Life of Alexander The Great
This long and painful pursuit of Darius – for in 11 days he marched 33 hundred furlongs – harassed his soldiers so that most of them were ready to give it up, chiefly for want of water.
While they were in distress, it happened that some Macedonians who had fetched water in skins upon their mules from a river they had found out came about noon to the place where Alexander was, and seeing him almost choked with thirst, presently filled a helmet and offered it to him …
Then he took the helmet in his hands, and looking round about, when he saw all those who were near him stretching their heads out and looking earnestly after the drink, he returned it again with thanks without tasting a drop of it.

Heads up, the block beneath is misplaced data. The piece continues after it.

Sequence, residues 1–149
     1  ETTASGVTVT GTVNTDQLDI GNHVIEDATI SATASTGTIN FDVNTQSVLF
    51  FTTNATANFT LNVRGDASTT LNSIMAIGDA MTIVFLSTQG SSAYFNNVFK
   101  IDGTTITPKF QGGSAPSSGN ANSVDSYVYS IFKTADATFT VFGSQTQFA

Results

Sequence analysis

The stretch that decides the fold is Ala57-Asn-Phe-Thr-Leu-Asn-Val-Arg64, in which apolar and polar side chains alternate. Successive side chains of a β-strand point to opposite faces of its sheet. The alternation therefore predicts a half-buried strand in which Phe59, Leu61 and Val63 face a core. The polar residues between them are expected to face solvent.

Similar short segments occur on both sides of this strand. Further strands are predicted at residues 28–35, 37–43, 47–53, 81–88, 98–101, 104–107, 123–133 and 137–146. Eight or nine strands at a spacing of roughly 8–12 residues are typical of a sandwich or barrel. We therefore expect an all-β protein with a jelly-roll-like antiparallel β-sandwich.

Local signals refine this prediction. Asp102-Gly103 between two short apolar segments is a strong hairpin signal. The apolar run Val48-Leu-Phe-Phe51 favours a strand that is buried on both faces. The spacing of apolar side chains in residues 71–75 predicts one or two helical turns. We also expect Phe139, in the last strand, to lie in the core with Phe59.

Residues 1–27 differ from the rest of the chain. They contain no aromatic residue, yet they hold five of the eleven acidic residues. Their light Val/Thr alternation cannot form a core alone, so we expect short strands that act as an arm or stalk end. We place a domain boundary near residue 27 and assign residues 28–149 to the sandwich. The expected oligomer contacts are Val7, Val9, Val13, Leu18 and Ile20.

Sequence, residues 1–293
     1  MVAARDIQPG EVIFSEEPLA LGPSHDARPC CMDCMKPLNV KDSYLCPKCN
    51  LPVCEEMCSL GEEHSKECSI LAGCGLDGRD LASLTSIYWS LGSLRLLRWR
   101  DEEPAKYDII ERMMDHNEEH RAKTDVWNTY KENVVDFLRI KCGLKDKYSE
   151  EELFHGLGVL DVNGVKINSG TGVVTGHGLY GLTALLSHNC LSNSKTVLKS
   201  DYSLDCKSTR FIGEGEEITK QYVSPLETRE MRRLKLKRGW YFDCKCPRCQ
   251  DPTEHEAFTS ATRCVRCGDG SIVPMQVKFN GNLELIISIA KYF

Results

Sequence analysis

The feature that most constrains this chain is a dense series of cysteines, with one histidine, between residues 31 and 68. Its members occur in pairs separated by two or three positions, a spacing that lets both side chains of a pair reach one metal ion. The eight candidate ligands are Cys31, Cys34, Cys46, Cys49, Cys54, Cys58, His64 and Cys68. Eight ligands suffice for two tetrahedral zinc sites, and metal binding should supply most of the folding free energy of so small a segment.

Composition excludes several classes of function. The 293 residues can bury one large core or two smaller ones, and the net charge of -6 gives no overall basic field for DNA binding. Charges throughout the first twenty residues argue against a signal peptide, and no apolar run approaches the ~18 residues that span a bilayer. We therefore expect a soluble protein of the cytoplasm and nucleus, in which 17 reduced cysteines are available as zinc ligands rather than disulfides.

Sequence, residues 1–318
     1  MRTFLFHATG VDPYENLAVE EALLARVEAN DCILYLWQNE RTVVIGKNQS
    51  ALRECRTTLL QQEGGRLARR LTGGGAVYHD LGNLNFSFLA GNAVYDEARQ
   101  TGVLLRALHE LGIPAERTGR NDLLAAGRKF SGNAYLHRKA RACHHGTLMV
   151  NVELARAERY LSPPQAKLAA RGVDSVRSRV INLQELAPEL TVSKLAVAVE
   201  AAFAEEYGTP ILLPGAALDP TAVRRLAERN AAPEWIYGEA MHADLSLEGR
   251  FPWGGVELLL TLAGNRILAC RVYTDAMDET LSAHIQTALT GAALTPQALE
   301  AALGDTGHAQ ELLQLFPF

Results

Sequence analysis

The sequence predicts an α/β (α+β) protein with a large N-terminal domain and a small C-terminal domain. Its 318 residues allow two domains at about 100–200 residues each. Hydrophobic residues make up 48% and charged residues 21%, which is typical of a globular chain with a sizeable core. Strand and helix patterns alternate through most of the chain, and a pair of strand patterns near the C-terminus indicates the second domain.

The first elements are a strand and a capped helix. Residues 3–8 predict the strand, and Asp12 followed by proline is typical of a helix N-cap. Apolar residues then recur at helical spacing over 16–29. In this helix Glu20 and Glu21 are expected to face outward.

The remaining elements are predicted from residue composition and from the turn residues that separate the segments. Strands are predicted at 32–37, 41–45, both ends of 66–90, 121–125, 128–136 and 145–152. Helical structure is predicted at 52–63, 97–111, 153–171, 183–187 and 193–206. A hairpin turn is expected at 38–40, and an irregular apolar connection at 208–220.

“For,” said he, “if I alone should drink, the rest will be out of heart.”
The soldiers no sooner took notice of his temperance and magnanimity upon the occasion, but they one and all cried out to him to lead them forward boldly, and began whipping on their horses.
For whilst they had such a king they said they defied both weariness and thirst, and looked upon themselves to be little less than immortal.
The Life of Alexander The Great, Plutarch, c A.D. 46-120
(As cited in The 48 Laws of Power by Robert Greene, 1998, Penguin Books)